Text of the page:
“There’s a little girl in my son Nicholas’ class. I’ll call her ‘E.’
Nicholas and E just met this year in Kindergarten. They like to play outside together. They like to sit with each other in school. They even like to hold hands. You may think this is a typical friendship story. A cute little love story. You may think you’ve already heard this story before. But this is different. This is a story of inclusion, acceptance, and kindness.
Nicholas has autism and is in the special education class at a public school. He spends most of his day in therapies and learning life skills to help him be as independent as he can. Throughout the day, he spends time in the general education Kindergarten class. He participates in Morning Circle time with them where they read books, learns the letters of the alphabet, dance, and sing songs. Nicholas also plays outside at recess with them. This is the class that E is in.
E always sits by Nicholas. She always grabs his hand. They spend a lot of time together when they can. The most beautiful thing about their friendship is how she talks to him. She talks to him even though he can’t talk back. She understands he doesn’t talk, but she does it anyway. This is inclusion.
E hangs out with Nicholas despite him having a disability. She wants to be friends with him even though he is different from her. This is acceptance.
E understands Nicholas can’t communicate as she can. She accepts him anyway. She knows he thinks and processes things a little slower than other kids. She still gravitates toward him. This is kindness.
E is nice to Nicholas. She isn’t a bully and doesn’t pick on him because he is different. She doesn’t treat him any less because he has autism.
E has a beautiful heart. I reached out to her mom to express my gratitude for raising such a thoughtful daughter. I learned that E talks about Nicholas all the time at home. She said she’s a helper by nature, which is something Nicholas’s para, or teacher assistant, mentioned as well. She’s very motherly but doesn’t pity him. She truly loves being with him.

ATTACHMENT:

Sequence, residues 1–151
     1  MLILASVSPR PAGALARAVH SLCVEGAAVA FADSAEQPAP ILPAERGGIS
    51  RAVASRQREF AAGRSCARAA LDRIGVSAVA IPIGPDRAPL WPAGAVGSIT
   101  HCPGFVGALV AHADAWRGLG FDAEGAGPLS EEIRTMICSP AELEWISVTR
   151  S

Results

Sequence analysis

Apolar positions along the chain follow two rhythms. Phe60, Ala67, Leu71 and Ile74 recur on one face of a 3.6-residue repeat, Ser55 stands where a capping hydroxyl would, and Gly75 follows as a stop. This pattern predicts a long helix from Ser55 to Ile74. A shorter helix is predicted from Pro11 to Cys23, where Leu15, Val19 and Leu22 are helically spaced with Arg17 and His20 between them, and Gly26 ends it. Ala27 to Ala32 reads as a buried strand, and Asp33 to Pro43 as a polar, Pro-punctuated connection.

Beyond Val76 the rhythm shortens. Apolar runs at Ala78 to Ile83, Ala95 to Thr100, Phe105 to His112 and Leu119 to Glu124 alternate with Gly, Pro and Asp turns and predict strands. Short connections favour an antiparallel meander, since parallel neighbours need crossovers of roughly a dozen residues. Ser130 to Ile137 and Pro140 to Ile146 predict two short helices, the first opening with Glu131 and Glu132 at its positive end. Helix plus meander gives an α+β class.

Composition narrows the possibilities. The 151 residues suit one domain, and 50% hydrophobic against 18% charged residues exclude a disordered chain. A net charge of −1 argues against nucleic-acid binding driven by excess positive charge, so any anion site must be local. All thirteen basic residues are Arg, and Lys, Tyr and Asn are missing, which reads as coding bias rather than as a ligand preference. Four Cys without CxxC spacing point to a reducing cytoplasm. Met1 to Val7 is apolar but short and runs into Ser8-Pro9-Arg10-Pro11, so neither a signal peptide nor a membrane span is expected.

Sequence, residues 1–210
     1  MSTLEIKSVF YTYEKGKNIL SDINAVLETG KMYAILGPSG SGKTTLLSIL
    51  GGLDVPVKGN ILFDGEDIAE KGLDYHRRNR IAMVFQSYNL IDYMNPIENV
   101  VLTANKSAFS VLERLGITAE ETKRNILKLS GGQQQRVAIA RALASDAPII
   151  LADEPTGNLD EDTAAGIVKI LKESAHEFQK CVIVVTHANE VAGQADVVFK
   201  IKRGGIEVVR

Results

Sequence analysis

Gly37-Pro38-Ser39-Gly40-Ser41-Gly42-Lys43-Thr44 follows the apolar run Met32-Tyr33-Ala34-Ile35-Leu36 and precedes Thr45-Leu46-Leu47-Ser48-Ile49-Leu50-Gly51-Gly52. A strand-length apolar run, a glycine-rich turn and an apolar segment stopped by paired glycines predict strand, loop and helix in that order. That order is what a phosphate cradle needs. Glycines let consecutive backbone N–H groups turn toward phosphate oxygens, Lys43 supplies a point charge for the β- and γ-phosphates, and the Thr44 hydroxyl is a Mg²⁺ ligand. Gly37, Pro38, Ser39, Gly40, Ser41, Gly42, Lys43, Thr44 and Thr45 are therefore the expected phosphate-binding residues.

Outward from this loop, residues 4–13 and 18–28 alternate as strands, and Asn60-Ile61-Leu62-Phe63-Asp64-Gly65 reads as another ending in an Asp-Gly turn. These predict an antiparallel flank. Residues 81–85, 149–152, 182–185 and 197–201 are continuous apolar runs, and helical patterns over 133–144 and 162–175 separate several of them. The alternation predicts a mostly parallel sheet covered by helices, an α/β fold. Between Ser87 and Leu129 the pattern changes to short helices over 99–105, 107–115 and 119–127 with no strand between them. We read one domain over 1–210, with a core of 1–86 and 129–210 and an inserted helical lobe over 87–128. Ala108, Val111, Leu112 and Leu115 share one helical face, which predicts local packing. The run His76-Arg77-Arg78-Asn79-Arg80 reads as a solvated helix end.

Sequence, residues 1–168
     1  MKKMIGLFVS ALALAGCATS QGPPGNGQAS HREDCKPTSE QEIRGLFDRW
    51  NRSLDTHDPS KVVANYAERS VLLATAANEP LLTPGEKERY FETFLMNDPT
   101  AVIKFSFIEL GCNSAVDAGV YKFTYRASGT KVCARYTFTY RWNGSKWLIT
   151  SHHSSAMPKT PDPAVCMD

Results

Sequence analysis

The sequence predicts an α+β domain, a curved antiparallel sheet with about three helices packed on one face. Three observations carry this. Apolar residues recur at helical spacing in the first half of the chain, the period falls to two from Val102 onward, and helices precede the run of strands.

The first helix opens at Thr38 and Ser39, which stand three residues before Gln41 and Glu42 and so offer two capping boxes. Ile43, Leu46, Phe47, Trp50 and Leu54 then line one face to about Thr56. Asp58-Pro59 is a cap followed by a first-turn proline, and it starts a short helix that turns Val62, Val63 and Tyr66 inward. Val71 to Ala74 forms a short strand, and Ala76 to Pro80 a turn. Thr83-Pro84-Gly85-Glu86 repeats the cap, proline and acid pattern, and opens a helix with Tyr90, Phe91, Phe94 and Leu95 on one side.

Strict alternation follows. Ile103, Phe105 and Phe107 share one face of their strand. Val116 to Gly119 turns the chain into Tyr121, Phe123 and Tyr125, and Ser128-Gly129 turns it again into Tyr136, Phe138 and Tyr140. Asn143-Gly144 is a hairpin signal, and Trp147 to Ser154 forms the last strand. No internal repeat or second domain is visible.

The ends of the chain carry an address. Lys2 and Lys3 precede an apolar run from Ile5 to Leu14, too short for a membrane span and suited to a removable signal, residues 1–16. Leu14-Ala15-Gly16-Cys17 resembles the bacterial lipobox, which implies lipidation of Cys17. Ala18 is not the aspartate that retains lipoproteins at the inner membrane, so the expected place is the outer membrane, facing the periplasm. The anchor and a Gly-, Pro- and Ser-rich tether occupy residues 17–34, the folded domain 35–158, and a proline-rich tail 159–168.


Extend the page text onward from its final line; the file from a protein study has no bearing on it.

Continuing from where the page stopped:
And Nicholas really enjoys her company too. Now that we’re doing remote learning, he doesn’t get to see her in-person. However, he still gets excited when he sees her on the computer. He knows who she is and understands she’s his friend. He made a card for her on her birthday.
As a mother to a child with special needs, it melts my heart to see somebody accept my son for who he is. I love that Nicholas has such a genuine friendship with this little girl. With the season of Thanksgiving just recently upon us, I want to give thanks that my son is being included at school. I’m thankful for the kindness and that Nicholas has a friend like E in his life. I’m grateful E has parents who taught her what it means to accept people who are different from her. E has given me hope for my son’s future.
She doesn’t try to change him. She likes him just the way he is. A true friendship is when someone knows everything about you but likes you anyway. That’s exactly how E is.”
This story was submitted to Love What Matters by Kate Anderson. You can follow her journey on her website, Instagram, and Facebook. Submit your own story here, and be sure to subscribe to our free email newsletter for our best stories, and YouTube for our best videos.
Read more touching stories about autism:
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‘What happens to my girl when society realizes it’s not ‘cute’ anymore? How do I make people see the beauty I see?’: Mom to daughter with autism urges us to challenge our idea of beauty
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